The first vacation is an important milestone for a newly established couple. It’s an opportunity to shut out the rest of the world and concentrate on your relationship. That precious time together can strengthen a couple and confirm their feelings for one another, or it can highlight differences that may turn out to be deal breakers.
Keep It Neutral
One of the best things about a new relationship is that it opens up worlds you never knew existed. Perhaps your sweetie likes hockey, and you’ve never watched a game before. Or maybe she’s an art aficionado, and you’ve never set foot in a gallery.
These revelations can be fun and exciting, and there’s a place for them on your first trip. Just be sure that the entire trip does not revolve around activities well suited for one of you but not the other.
Skiing won’t bring you closer together if one of you is hitting the moguls while the other’s in beginner class. You won’t even be riding the same lift. The advanced skier may enjoy showing off his prowess, but his partner may feel left in the…powder.
Choose Activities You Can Do Together
You don’t have to be joined at the hip, but the first vacation is more than just another trip, it’s an important opportunity to deepen your relationship. Plan to spend a good chunk of every day together. Go sight seeing or hang out at the beach.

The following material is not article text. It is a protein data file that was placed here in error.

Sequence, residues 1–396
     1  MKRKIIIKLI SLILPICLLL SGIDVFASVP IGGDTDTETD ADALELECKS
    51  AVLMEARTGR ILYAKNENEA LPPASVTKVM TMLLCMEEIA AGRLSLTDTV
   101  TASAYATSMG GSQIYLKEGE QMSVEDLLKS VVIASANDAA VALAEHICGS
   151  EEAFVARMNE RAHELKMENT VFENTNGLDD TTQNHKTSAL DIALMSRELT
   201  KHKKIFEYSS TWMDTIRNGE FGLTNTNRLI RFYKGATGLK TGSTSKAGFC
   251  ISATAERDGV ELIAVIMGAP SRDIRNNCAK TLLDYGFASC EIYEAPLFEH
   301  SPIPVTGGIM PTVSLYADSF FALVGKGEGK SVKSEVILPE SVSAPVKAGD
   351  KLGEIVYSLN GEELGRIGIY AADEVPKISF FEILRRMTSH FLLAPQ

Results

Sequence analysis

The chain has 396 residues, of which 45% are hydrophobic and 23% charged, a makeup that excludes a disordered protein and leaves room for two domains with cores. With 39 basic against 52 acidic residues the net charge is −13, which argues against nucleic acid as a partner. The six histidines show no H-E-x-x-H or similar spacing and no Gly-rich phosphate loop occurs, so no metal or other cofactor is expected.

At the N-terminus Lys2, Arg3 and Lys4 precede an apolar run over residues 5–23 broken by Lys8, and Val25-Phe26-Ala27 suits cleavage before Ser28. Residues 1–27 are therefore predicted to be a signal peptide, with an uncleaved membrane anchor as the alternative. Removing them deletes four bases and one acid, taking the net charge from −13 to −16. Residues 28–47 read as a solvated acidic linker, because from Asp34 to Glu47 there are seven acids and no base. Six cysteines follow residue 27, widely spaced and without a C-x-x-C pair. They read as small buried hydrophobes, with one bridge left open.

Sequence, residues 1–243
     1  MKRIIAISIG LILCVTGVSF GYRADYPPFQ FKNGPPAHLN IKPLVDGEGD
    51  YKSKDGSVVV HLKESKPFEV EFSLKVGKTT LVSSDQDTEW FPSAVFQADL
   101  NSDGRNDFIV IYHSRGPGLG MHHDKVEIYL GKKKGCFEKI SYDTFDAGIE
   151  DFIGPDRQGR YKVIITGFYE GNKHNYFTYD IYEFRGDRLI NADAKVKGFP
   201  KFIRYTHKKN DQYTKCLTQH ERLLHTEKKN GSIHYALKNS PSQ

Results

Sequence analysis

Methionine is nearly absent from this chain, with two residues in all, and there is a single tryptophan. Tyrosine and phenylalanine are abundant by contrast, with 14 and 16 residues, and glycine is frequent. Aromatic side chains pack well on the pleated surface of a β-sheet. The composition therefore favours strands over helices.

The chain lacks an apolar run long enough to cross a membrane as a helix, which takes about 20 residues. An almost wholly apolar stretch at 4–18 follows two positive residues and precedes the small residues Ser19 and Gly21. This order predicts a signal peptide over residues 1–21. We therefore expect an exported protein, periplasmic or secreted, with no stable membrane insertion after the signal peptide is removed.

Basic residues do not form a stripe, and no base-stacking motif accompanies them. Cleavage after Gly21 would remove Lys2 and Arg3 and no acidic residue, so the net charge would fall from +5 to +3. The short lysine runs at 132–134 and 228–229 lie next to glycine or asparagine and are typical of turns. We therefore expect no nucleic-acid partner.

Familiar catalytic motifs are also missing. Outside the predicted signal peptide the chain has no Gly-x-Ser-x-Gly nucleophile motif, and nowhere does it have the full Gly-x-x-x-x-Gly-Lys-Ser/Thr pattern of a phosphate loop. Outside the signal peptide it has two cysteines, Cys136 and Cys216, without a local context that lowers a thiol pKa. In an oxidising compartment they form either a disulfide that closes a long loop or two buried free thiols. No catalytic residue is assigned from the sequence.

If it all works out, she’ll be sick of seeing you every day in a few years, and will be only too glad to have you go fishing all day and leave her at the hotel in peace. But the first vacation is where you form the bond that makes her want you back at the end of the day.
Keep Your Expectations in Check
A good rule of thumb is: assume your romantic get away will be somewhat less fabulous than it has been in your imagination all the weeks you’ve been planning it.
It’s easy to build up a lot of unrealistic expectations. Remember you want to walk away from this experience feeling good, not disappointed.
When you find yourself imagining your companion reading your mind, anticipating your wants, and being completely in sync with you on every decision to be made, ask yourself “what’s really likely to happen?”
Be prepared to compromise, communicate and accept the fact that not everything will be perfect – and that’s o.k.
Lower the Pressure
Don’t forget that this is supposed to be fun! There’s no need to analyze every word your partner says, or fret over the things that go wrong (you can’t change them anyway).
If the trip goes smoothly, you’ll have a great time and come home with renewed enthusiasm for your relationship. If there are bumps in the road, you’ll get to see how your partner handles these challenges and come home with some funny stories.
If your relationship ends because of one vacation, it wasn’t strong enough for the long haul anyway.
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